QIRC finds injured worker unable to meet genuine occupational requirements
In 2023 we wrote an article about the Queensland Industrial Relations Commission (QIRC) applying the workplace health and safety exemption under section 108 of the Anti-Discrimination Act 1991 (Qld) (AD Act).
This year, in Medwell-Everett v Daltug Pty Ltd & Ashworth  QIRC 2, the QIRC dismissed a discrimination complaint again applying section 108 and also finding that, the worker was unable to meet the genuine occupational requirements of their role because of their injury.
The worker was employed at Daltug Pty Ltd initially as a general purpose hand, working on tugboats.
On 24 July 2021 the worker ruptured his Achilles tendon outside of work and was unable to commence a new permanent position on 17 August 2021. On 7 October 2021, the worker advised Daltug that he had been verbally cleared to return to full duties.
Daltug requested the worker undergo a full fitness capacity test prior to returning.
The fitness test report confirmed the worker was fit to commence work, however this opinion was formed by reference to the worker being employed as a ‘Tug Master’, a less demanding role then the general purpose hand.
Daltug was concerned the fitness report could not be relied on where it failed to consider the worker’s specific duties and requested the worker be reassessed. The assessing physician advised that the worker may be required to stop work and sit down if any twinge or other event were experienced, and that there was no guarantee that re-injury would not occur given the physically demanding duties of his role as a general purpose hand.
Following this report, Daltug notified the worker it could not reinstate him where:
- it would be unsafe due to a risk of reinjury;
- operational requirements would not enable Daltug to make the necessary adjustments to accommodate the injury.
The worker made a complaint to the Queensland Human Rights Commission, which was subsequently referred to the QIRC, alleging unlawfully discriminated on the basis of his injury in contravention of the AD Act.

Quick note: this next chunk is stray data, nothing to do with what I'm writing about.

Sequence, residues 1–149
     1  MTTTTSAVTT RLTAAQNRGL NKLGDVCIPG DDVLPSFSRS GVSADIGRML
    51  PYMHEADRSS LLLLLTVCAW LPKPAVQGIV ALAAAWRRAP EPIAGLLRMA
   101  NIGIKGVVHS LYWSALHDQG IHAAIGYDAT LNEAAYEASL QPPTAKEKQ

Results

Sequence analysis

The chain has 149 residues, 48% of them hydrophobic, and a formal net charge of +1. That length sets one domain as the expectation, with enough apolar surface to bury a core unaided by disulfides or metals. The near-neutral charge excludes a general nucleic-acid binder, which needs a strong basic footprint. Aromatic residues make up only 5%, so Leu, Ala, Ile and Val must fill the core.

Daltug relied, amongst other things, on section 108, being an exemption available where an act is reasonably necessary to protect the health and safety of people at a place of work, and further argued it was exempt from a finding of unlawful discrimination on the basis that the worker could not meet the genuine occupational requirements for a general purpose hand under section 25(1) of the AD Act.
Commissioner Pidgeon accepted the employer’s submissions that the worker’s role was more demanding than the role the subject of the initial fitness assessment, and that decision not to reinstate was based on the genuine requirements of the role and workplace health and safety. The QIRC accepted that the employer must have regard to a range of information, not just a medical report in isolation, when considering whether an worker can safely perform their duties and/or whether any reasonable accommodation can be made.
Whether a worker suffers an injury at or outside of work, there are obligations on an employer to be considered in respect of their return to work. Employers must ensure their directions in relation to obtaining relevant information are reasonable and lawful and that any decision that might be adverse to a worker’s interests is properly supported. If in doubt, always seek advice.